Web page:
I removed the blade from the food processor and, using my hands, formed balls out of the dough. I rolled each ball in the coarsely ground hazelnut, and now I have a quick energizing snack when the need arises.
- 2 cups hazelnuts
- 12 medjool dates
- ⅓ cup honey (more or less to taste)
- 3-4 tablespoons cacao, to taste
- 2 teaspoons maca
- 1 teaspoon vanilla extract
- ½ cup hemp hearts
- Very lightly (no more than 1-2 minutes) toast hazelnuts to bring out their flavor.
- Transfer to a food processor, and process until coarsely ground.
- Remove ¼ cup of coarsely ground hazelnuts, and set aside.
- Add the dates, honey, cacao, maca, vanilla, and hemp hearts to the food processor, and process until a dough forms.
- Remove the blade of the food processor, and using your hands, form balls out of the dough.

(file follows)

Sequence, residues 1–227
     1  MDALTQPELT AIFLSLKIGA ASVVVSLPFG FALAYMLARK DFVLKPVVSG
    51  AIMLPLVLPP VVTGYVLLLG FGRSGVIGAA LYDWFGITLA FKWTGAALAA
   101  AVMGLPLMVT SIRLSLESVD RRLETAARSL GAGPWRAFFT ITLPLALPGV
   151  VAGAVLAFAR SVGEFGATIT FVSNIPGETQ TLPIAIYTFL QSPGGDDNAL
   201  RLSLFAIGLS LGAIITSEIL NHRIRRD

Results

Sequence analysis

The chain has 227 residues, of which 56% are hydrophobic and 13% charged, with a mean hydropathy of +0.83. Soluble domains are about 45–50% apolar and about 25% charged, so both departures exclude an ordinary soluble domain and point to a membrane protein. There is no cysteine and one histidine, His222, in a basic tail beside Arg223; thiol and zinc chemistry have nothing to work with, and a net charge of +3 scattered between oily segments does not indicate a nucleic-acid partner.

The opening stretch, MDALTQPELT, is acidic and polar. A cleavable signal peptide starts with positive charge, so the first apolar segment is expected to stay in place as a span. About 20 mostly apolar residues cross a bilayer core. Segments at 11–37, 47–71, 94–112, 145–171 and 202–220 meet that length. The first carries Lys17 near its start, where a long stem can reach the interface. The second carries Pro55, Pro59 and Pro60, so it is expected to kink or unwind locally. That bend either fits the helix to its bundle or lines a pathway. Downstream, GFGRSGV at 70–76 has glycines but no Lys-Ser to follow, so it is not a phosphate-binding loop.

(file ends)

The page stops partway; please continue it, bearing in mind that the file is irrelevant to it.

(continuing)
- Roll the balls in the coarsely ground hazelnuts.
- Store in the refrigerator.
I’m a chocolate kind of girl, but one of Rob and my all time favorite desserts is key lime pie. The tart and tangy taste is somehow so refreshing in a dessert. It’s kind of like a little bit of tropical sunshine in every bite. Now that spring has finally arrived, my body is ready to ditch the warm, cooked vegetables, soups, and stews, and trade them in for all the raw, fresh goodness that is coming in season. And, I just happen to love the whole raw food thing. Even though I’m not strictly a raw foodist or a vegan (I still need a little bit of animal protein in my diet, but not much, and I choose good clean protein sources to eat), I love the creativity, taste, and the way my body feels when I eat at least 50% of my foods raw. 50% is an easily attainable amount of raw food. If I start out my day with a green smoothie and have a salad for either lunch or dinner, throw in some cut up raw veggies and a handful of nuts for snacks, and I’m already there.